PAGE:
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The science behind the Leadership effectiveness 360 survey
The science behind the Leadership effectiveness 360 survey

Background on the Leadership Effectiveness survey

Jared Ellis avatar
Written by Jared Ellis
Updated over a week ago

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Background on the Leadership Effectiveness survey

Who is this guide for?

Account Admin, Survey Admin, Survey Creators, Survey Participants

Culture Amp's Leadership 360 uses feedback to help leaders understand what’s driving their overall success and the areas they can focus on to improve.

The Leadership 360 extends and advances the field of leadership applied research and assessment, putting real, actionable feedback into the hands of leaders.

What is Effective Leadership?

We define effective leadership as the ability to inspire, influence and instill confidence across the organization. Our research has revealed that effective leaders have specific traits, including:

  • Showing grit

  • Driving change

  • Leading through ambiguous, complex and difficult situations

  • Demonstrating authenticity, care and curiosity

  • Being able to generate solutions to multiple, rapidly-unfolding problems within time constraints

Modern leaders successfully implement solutions with teams and peers who are also operating in a complex and ambiguous environment. Further, as more and more companies trend towards less hierarchical structures, many leaders today must lead through influence, not positional power. To inspire and get buy-in from others demands a high level of interpersonal and social skills.

Leadership vs. Management

Our distinction between management and leadership is deliberate. Our Leadership 360 targets the behaviors unique to leadership and excludes skills required for managers that don’t apply to leaders, for example holding 1:1s and setting individual performance goals.

Our Leadership 360 is designed specifically for the professional development of senior leaders – including C-suite, executives and senior directors. Like all Culture Amp Effectiveness tools, it is development-focussed and equips leaders with rich qualitative and quantitative feedback they can action, presented in a non-threatening way.


The Leadership 360 incorporates the same methodology as our Individual 360 survey design principles – informed by research on coaching, positive psychology and development, and motivational science. By focusing on strengths and opportunities, with an emphasis on rich qualitative examples, leaders can easily understand the results, and formulate actions for their development.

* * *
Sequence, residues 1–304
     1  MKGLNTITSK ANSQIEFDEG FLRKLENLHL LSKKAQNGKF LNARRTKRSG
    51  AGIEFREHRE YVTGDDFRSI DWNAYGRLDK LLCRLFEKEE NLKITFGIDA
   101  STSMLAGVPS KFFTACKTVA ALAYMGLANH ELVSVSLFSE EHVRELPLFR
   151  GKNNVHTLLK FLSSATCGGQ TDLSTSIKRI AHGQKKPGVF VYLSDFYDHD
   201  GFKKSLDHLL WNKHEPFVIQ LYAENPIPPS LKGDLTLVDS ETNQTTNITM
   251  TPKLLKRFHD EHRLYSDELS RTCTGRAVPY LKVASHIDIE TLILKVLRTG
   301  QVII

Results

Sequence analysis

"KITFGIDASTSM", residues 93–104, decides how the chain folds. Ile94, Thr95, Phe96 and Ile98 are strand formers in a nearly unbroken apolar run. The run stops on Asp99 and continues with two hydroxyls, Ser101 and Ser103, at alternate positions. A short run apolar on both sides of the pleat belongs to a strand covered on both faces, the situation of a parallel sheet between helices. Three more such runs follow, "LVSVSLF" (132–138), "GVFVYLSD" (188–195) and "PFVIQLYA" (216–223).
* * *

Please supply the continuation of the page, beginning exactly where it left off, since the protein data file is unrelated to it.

Developing the Leadership 360 Questions

We reviewed leadership frameworks, models, research and existing 360s to understand what’s required of a modern leader. Informed by those insights, we designed a 360 feedback survey based on an individual’s behavior (as opposed to their personality or the environment). This means that the results are directly actionable by leaders.

In addition to interviews with subject matter experts (SMEs), L&D professionals, and current executives and senior leaders, our template and structure was created with insight from the following sources:

  • Transformational Leadership Theory (Bass, 1985)

  • Transformational Leadership Behavior Inventory (TLI: Podsakoff et al., 1990)

  • Charismatic Leadership Theory (Ronald E. Riggio 2007)

  • Full Range Leadership Theory - Multifactor Leadership Questionnaire (MLQ) (Bass and Avolio, 1994)

  • Situational Leadership Model (Paul Hersey and Ken Blanchard, 1977)

  • Authentic Leadership (True North: Discover your authentic leadership, Bill Jorge, 2007)

  • Level 5 Leadership (Good to Great, Jim Collins, 2001)

Additional References:

  • Beddoes-Jones, F. (2012). Authentic leadership: The key to building trust. People Management, 44-47

  • Hogan, R., & Kaiser, R. (2005). What we know about leadership. Review of General Psychology

  • Judge, T. A., & Piccolo, R. F. (2004). Transformational and transactional leadership: A meta- analytic test of their relative validity. Journal of Applied Psychology, 89, 755-768

  • Kouzes, J.M., & Posner, B.Z. (2002). The leadership challenge (3rd ed.). San Francisco: Jossey-Bass

  • Walter C. Borman, Daniel R. Ilgen, Richard J. Klimoski (2003). Leadership models, methods, and applications in Handbook of Psychology, Industrial and Organizational Psychology (V.12)

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